lethargic_man: "Happy the person that finds wisdom, and the person that gets understanding."—Prov. 3:13. Icon by Tamara Rigg (limmud)
[personal profile] lethargic_man

In an attempt to get the number of people reading my Antiquities notes back up from what appears to be zero, I am switching to trickling incremental updates onto my blog, rather than in one swell foop for each book of the work. This post will be updated each time I post more Book XI comments.

So, on to Book Eleven:

Why did Cyrus the Great let the Jews return to their land and rebuild the Temple? The Bible just says (Ezra 1:1-3, amongst other places):

Now in the first year of Cyrus king of Persia, that the word of the LORD by the mouth of Jeremiah might be fulfilled, the LORD stirred up the spirit of Cyrus king of Persia, that he made a proclamation throughout all his kingdom, and put it also in writing: "Thus says Cyrus king of Persia, The LORD God of heaven has given me all the kingdoms of the earth; and he has charged me to build Him an house at Jerusalem, which is in Judah. Who is there among you of all His people? His God be with him, and let him go up to Jerusalem, which is in Judah, and build the house of the LORD God of Israel, (He is the God,) which is in Jerusalem." וּבִשְׁנַת אַחַת לְכוֹרֶשׁ מֶלֶךְ פָּרַס לִכְלוֹת דְּבַר־ה׳ מִפִּי יִרְמְיָה הֵעִיר ה׳ אֶת־רוּחַ כֹּרֶשׁ מֶלֶךְ־פָּרַס וַיַּעֲבֶר־קוֹל בְּכָל־מַלְכוּתוֹ וְגַם־בְּמִכְתָּב לֵאמֹר׃ כֹּה אָמַר כֹּרֶשׁ מֶלֶךְ פָּרַס כֹּל מַמְלְכוֹת הָאָרֶץ נָתַן לִי ה׳ אֱלֹהֵי הַשָּׁמָיִם וְהוּא־פָקַד עָלַי לִבְנוֹת־לוֹ בַיִת בִּירוּשָׁלִַם אֲשֶׁר בִּיהוּדָה׃ מִי־בָכֶם מִכָּל־עַמּוֹ יְהִי אֱלֹהָיו עִמּוֹ וְיַעַל לִירוּשָׁלִַם אֲשֶׁר בִּיהוּדָה וְיִבֶן אֶת־בֵּית ה׳ אֱלֹהֵי יִשְׂרָאֵל הוּא הָאֱלֹהִים אֲשֶׁר בִּירוּשָׁלִָם׃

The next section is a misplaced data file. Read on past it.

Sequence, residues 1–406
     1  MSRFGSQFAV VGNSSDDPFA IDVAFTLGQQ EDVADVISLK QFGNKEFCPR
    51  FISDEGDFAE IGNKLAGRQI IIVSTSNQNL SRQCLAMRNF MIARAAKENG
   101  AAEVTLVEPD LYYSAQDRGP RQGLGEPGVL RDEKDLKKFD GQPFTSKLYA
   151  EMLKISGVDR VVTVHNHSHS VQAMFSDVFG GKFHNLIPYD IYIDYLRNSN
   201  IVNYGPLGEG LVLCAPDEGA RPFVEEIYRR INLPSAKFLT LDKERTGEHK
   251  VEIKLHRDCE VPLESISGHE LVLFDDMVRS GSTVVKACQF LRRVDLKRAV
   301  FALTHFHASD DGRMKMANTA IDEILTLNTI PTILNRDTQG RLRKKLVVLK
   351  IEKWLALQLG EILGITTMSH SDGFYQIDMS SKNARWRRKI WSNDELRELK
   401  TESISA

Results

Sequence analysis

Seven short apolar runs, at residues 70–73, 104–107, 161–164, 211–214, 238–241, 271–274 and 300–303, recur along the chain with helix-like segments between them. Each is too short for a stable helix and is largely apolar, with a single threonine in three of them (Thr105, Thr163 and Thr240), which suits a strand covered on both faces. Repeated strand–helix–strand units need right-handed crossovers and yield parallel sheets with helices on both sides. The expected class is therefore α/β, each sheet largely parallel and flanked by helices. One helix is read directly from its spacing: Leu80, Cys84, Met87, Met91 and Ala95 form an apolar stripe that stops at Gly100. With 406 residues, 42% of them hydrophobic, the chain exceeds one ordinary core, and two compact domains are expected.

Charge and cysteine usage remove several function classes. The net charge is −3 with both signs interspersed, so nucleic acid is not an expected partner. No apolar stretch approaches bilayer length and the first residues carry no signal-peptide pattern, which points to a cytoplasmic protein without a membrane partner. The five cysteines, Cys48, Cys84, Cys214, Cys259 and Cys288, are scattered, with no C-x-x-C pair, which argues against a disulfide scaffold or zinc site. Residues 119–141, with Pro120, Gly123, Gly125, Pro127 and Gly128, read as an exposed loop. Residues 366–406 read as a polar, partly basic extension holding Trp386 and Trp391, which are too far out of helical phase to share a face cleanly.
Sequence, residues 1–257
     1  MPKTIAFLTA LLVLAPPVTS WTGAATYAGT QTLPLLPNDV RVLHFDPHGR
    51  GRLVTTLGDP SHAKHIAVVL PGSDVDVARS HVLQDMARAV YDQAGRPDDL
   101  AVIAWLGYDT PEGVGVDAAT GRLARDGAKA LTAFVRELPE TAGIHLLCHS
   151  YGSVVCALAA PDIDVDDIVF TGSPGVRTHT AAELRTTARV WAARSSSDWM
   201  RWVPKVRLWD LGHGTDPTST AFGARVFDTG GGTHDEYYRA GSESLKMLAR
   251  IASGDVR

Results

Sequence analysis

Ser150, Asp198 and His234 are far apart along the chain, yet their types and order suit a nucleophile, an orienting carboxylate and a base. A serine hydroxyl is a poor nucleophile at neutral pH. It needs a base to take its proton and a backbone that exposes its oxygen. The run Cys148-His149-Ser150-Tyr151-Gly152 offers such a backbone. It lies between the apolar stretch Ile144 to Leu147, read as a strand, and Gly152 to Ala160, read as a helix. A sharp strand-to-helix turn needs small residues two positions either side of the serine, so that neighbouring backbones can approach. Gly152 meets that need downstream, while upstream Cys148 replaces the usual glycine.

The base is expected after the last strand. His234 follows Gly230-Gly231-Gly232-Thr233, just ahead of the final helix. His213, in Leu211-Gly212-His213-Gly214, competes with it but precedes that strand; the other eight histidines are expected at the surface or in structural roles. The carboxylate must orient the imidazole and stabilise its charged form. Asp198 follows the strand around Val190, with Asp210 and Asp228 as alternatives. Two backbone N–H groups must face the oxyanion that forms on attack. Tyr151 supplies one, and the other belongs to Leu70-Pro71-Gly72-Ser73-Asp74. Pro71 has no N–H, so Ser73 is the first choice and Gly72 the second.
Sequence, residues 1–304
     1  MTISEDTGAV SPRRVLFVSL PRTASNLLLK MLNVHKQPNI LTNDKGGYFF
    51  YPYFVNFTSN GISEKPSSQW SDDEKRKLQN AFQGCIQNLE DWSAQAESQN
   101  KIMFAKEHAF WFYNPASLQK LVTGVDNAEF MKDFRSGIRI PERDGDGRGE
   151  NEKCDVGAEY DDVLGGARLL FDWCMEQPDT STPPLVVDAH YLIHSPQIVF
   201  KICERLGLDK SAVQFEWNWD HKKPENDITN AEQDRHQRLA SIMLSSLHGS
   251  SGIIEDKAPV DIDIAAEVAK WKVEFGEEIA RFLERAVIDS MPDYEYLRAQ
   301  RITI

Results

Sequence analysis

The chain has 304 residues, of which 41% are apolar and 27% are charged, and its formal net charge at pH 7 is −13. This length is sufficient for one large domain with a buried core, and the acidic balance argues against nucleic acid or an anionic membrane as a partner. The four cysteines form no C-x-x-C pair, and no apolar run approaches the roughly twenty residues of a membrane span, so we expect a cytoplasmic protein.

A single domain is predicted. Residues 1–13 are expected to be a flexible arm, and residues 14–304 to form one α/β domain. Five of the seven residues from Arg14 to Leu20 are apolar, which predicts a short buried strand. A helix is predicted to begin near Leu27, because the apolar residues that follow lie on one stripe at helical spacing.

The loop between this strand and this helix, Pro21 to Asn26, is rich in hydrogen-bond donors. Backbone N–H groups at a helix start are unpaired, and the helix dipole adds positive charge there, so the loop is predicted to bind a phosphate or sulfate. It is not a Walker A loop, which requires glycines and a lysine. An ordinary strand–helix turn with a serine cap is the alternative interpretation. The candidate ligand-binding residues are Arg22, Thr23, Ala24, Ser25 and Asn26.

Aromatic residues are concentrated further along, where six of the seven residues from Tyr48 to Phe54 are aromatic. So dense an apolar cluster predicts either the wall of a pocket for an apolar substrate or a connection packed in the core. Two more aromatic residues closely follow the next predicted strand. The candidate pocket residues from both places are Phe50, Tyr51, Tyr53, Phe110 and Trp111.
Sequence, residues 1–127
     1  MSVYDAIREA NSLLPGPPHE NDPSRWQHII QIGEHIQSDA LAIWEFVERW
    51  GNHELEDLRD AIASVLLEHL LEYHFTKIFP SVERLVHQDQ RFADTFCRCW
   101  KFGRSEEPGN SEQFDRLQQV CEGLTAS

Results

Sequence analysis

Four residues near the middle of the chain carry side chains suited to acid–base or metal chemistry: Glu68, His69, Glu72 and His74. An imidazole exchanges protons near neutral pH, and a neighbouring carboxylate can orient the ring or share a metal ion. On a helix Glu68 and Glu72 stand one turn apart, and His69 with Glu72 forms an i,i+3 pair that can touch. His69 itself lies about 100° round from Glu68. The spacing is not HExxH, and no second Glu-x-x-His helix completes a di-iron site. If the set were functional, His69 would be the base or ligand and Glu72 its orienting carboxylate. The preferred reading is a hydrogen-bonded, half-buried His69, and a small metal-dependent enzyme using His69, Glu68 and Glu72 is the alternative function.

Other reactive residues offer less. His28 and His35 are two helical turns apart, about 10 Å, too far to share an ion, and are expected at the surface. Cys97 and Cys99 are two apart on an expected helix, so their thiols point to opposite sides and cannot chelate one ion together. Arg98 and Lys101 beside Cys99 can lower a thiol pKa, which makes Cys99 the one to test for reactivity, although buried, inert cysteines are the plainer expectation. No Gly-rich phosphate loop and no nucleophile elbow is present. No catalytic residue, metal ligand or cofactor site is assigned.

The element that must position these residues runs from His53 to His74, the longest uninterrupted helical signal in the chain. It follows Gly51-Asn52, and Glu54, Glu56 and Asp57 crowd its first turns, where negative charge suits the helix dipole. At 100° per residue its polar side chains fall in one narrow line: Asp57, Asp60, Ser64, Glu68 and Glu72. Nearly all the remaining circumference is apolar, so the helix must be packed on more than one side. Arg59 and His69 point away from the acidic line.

Josephus, however, adduces a reason (XI.1.5):
This was known to Cyrus by his reading the book which Isaiah left behind him of his prophecies; for this prophet said that God had spoken thus to him in a secret vision: "My will is, that Cyrus, whom I have appointed to be king over many and great nations, send back my people to their own land, and build my temple." This was foretold by Isaiah one hundred and forty years before the temple was demolished. Accordingly, when Cyrus read this, and admired the Divine power, an earnest desire and ambition seized upon him to fulfill what was so written.

XI.3 gives a story about Zerubavel which is not in the Bible, but which I have discovered from the online notes comes from the apocryphal book of 3 Esdras.